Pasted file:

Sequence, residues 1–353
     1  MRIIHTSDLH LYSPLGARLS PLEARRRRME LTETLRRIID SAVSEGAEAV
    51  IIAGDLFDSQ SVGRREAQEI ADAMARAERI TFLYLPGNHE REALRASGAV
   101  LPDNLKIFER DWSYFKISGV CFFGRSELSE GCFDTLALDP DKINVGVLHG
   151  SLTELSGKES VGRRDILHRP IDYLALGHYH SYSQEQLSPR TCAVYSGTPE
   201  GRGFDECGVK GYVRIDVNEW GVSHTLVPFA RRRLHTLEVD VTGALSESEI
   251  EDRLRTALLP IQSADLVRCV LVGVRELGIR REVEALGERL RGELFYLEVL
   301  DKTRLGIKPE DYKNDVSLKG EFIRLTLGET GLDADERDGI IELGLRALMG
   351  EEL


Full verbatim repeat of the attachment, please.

Sequence, residues 1–353
     1  MRIIHTSDLH LYSPLGARLS PLEARRRRME LTETLRRIID SAVSEGAEAV
    51  IIAGDLFDSQ SVGRREAQEI ADAMARAERI TFLYLPGNHE REALRASGAV
   101  LPDNLKIFER DWSYFKISGV CFFGRSELSE GCFDTLALDP DKINVGVLHG
   151  SLTELSGKES VGRRDILHRP IDYLALGHYH SYSQEQLSPR TCAVYSGTPE
   201  GRGFDECGVK GYVRIDVNEW GVSHTLVPFA RRRLHTLEVD VTGALSESEI
   251  EDRLRTALLP IQSADLVRCV LVGVRELGIR REVEALGERL RGELFYLEVL
   301  DKTRLGIKPE DYKNDVSLKG EFIRLTLGET GLDADERDGI IELGLRALMG
   351  EEL